Australia's Ex-Premier Renounces Future Party Leadership

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SYDNEY, Australia -- A day after a failed effort by his supporters to reinstall him, former Prime Minister Kevin Rudd of Australia announced on Friday that he would never again seek to lead the governing Labor Party.

"Mr. Rudd wishes to make 100 percent clear to all members of the parliamentary Labor Party, including his own supporters, that there are no circumstances under which he will return to the Labor Party leadership in the future," a statement posted Friday on Mr. Rudd's Web site said.

On Thursday, Mr. Rudd unexpectedly declined to challenge Prime Minister Julia Gillard in a leadership vote that one of his chief supporters had demanded. The statement said he wanted to end the speculation over potential challenges to Ms. Gillard that has roiled Australia's governing party for months.

The party has been struggling in the polls, and Simon Crean, a Cabinet minister and former party leader who demanded the leadership vote, said Labor would have had its best chance in September elections if it brought back Mr. Rudd. The infighting has raised new questions about the party's chances.

Repercussions from Thursday's attempted ouster continued Friday as several Rudd supporters resigned from their posts over the affair, including Chris Bowen, a senior minister, and the Labor Party whip, Joel Fitzgibbon.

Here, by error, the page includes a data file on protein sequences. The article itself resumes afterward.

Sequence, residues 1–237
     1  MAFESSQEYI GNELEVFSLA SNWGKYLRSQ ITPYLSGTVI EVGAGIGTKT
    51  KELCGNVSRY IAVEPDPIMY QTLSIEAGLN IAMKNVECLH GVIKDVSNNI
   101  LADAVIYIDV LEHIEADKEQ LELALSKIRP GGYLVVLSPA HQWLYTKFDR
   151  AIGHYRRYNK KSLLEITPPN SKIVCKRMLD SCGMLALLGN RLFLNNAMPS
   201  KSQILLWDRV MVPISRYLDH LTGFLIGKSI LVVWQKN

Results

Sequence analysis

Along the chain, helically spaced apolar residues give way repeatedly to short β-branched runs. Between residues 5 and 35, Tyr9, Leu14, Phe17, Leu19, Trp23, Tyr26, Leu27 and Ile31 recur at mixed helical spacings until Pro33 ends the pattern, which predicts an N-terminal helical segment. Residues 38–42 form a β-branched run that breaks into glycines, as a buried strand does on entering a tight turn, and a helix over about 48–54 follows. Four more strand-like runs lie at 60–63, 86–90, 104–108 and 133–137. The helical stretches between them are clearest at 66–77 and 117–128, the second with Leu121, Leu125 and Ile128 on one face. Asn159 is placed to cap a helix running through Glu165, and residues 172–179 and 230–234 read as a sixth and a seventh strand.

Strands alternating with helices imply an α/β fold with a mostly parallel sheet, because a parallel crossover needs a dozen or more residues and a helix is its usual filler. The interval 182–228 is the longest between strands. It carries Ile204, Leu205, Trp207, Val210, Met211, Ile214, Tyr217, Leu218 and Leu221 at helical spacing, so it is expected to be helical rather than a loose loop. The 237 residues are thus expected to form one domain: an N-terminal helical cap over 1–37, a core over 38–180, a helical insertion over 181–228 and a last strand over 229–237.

Senator Kim Carr, a backer of Mr. Rudd who resigned Friday as human services minister, said at a news conference that he had advised Mr. Rudd not to challenge Ms. Gillard once it became clear that he lacked the numbers to defeat her. Mr. Carr is one of the few Rudd supporters to have given any public accounting of the discussions that preceded the vote.

Mr. Crean has denied that Mr. Rudd knew in advance about his plans.

Ms. Gillard, Australia's first female prime minister, ousted Mr. Rudd in a 2010 party coup and has led a tenuous minority government since her parliamentary majority was reduced in an election later that year. Although she beat back a leadership challenge from Mr. Rudd early in 2012, she has fallen sharply in the polls since announcing in January that federal elections would be held in September.

After that effort to oust Ms. Gillard failed, Mr. Rudd said that he would not seek the leadership again unless the position was vacant and he had overwhelming support from the party, and he repeated that in explaining his decision not to challenge her this week. Still, it was widely known before Thursday that his supporters had been canvassing for votes to have him reinstalled.

world

This article originally appeared in The New York Times.


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